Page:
Scots lawyer fails in challenge against complaints commission’s decision to allow late complaint

A Scots lawyer who challenged a decision by the Scottish Legal Complaints Commission to allow a late complaint from an expert witness over the solicitor’s firm’s alleged failure to pay a fee of £15,000 has had her application for leave to appeal dismissed.

A judge in the Court of Session refused the application as she was “not persuaded” that the appeal would have a “realistic prospect of success”.

Lady Paton heard that the applicant, identified only as “Ms B”, sought leave to appeal against the decision of the SLCC to allow the late complaint by a professor through the sift, claiming that the commission “erred in law” and further acted “irrationally” in the exercise of their discretion.

The court was told that on 7 November the professor rendered a fee note which was effectively a “cancellation fee” of £15,000, which indicated that the sum was to be paid within two months.

By January 2013 the two-month period had elapsed and the fee was not paid, as the applicant and her firm did not accept that it was due, but it was some two-and-a-half years later, in August 2015, before the professor submitted a complaint to the commission.

The commission wrote to the applicant’s firm on 2 September 2015 to warn them about the complaint, but the letter also stated that it regarded it as “premature” as the complainer had not first approached the firm direct.

But the professor returned to the commission the following month to explain that he had received no reply to his direct approach to the firm.

By letter dated 7 January 2016 the commission intimated the professor’s complaint to the applicant and her firm, and invited comments, and a letter was also sent to the firm’s client relations manager.

The two letters suggested a deadline for comments of 21 January 2016, but on 15 January 2016 a further letter was sent from the commission to the applicant’s firm’s client relations manager, pointing out that the complaint was possibly time‑barred in terms of rule 7, which sets a one‑year deadline within which complaints should be tendered.

However, the result of the three letters was to make the solicitors assume that the time‑bar point had taken precedence and was being properly considered by the commission, and accordingly it was assumed that no comments in relation to other points were required, so one were in fact submitted.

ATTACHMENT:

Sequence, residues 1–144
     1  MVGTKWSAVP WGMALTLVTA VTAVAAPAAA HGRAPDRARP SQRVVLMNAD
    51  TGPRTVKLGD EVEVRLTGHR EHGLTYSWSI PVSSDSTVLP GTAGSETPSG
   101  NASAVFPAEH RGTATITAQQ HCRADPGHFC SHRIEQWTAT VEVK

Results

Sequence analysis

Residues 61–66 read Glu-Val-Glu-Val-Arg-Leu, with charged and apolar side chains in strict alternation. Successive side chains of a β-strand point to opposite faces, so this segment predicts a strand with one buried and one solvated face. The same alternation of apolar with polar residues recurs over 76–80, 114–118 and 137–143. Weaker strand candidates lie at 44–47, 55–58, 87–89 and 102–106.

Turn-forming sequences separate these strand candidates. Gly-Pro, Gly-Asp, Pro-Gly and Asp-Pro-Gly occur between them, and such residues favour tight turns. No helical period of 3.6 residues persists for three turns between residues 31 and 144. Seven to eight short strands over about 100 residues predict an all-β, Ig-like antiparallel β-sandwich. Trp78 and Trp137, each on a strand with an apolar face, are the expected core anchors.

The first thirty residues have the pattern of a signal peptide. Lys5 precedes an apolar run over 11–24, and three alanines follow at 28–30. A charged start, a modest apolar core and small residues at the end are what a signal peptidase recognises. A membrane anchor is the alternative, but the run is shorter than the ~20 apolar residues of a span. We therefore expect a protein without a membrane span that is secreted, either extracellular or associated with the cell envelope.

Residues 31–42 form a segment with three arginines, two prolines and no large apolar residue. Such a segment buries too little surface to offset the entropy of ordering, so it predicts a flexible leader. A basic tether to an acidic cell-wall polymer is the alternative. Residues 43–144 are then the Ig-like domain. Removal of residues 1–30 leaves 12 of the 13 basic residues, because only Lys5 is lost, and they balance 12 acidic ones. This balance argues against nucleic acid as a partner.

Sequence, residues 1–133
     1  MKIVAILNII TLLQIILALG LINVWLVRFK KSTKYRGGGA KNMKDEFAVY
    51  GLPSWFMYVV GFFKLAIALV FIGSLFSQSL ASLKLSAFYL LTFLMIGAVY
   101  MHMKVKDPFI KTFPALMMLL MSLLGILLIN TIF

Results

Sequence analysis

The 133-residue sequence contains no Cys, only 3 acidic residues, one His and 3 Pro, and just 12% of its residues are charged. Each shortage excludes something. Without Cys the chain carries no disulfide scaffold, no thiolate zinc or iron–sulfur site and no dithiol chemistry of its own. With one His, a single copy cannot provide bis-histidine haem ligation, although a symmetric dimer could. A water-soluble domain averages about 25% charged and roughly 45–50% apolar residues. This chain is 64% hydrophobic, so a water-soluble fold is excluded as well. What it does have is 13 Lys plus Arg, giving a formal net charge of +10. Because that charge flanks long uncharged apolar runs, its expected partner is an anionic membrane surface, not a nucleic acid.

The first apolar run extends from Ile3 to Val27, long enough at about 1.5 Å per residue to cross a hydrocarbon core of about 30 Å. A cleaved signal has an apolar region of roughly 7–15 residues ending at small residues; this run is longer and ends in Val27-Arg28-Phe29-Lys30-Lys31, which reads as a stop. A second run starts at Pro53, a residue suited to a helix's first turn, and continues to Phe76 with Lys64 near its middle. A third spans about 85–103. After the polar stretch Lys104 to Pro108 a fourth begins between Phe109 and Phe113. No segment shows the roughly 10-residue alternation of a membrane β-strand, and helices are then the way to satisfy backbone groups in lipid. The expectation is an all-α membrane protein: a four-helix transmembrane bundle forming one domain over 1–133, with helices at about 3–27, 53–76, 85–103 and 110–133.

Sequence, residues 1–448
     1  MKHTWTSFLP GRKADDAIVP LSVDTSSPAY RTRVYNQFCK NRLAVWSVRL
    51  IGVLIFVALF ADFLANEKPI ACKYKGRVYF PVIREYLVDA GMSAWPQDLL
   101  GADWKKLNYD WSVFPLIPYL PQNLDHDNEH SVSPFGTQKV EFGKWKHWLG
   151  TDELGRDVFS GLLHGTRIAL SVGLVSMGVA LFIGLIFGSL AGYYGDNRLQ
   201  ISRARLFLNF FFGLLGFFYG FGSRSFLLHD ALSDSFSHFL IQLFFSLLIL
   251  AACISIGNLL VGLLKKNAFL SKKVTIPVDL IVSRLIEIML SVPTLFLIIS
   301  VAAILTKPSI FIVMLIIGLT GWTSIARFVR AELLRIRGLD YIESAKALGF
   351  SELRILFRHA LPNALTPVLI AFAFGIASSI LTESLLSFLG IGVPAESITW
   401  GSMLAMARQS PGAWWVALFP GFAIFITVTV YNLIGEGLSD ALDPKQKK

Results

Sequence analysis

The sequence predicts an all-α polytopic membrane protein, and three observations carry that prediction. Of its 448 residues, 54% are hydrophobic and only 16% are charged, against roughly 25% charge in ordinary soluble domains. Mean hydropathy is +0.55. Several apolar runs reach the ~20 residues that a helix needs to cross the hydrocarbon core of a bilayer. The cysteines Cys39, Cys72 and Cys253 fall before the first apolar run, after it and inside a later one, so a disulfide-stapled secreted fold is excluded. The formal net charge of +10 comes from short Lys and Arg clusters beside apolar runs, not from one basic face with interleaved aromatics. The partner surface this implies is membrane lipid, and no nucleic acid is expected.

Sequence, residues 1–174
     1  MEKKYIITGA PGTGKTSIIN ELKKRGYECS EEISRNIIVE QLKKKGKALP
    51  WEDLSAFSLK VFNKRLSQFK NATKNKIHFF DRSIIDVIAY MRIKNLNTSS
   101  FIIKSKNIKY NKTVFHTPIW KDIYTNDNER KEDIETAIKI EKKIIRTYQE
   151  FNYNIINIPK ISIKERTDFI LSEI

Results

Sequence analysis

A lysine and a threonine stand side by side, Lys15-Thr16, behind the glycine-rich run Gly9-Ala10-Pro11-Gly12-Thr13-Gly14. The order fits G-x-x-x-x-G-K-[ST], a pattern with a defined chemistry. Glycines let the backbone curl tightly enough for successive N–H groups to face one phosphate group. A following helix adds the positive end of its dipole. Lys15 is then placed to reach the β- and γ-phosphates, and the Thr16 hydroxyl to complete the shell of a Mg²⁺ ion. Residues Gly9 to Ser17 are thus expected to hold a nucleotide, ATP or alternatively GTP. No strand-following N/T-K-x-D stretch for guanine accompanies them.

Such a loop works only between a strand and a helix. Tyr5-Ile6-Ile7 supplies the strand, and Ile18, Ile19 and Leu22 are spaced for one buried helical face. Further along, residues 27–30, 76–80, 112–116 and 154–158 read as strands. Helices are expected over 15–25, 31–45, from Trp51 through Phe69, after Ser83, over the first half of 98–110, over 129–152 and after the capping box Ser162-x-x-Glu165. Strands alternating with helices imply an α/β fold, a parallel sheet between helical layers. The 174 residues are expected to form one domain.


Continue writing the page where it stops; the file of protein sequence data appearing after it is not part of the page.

On 26 February 2016 the commission issued their determination, namely that they would receive the complaint, although late; they would process it; and they would deem it not time‑barred, but the applicant challenged the determination.

The sole issue for the court was whether the applicant had a “real a realistic prospect of success” in persuading the appeal court that the commission’s determination represented an error of law or an irrational exercise of their discretion.

Importantly, there was no challenge on the basis of procedural propriety, such as failure to allow further time for comments, if requested; or breach of natural justice.

The judge noted that the commission was faced with a complaint by a professor who had been instructed as an expert in a litigation, who had issued a fee note to the solicitors’ firm which was prima facie regular and was for the sum of £15,000, who had sought payment of that fee and who, while late in coming to the commission, had proffered an explanation for that lateness, which was prima facie plausible, namely that his solicitors had been engaged in negotiations with the applicant’s firm until May 2015 when negotiations broke down, and some three or four months had then passed before he submitted his complaint to the commission.

Refusing the application, Lady Paton observed that the commission had “no information to contradict those assertions”.

“In particular they had no information to suggest that the fee was excessive, or that the fee was not due, or that there had been no negotiations until May 2015 but rather a clear indication at the outset from the applicant’s firm that the fee was not going to be paid as it was not due,” the judge added.

In a written opinion, Lady Paton said: “Standing the information which they had, the commission were, in my opinion, entitled, first, to conclude that this was not a situation where ‘there had been no or little activity between the discovery of the misconduct and the making of a complaint’.

“Secondly, to conclude that what was complained of was not a situation ‘regularly, or routinely, or normally encountered’ namely a situation where a professional expert instructed by lawyers would not be paid.

“Thirdly, to consider the matter of some public importance for the reason given in paragraph 1.12 of their determination, namely that it is in the public interest to proceed, due to the importance of professional witnesses being able to rely on solicitors paying for the use of their services, and moreover there might be a question of a solicitor’s trust and personal integrity.

“It will be seen that I have been unable to detect any error of law in the commission’s approach nor, in my view, can it be said to have been a determination which no reasonable body, properly instructed, on the information available to them, and applying the law correctly, could have reached. It follows that I am not persuaded that the appeal has a realistic prospect of success.”

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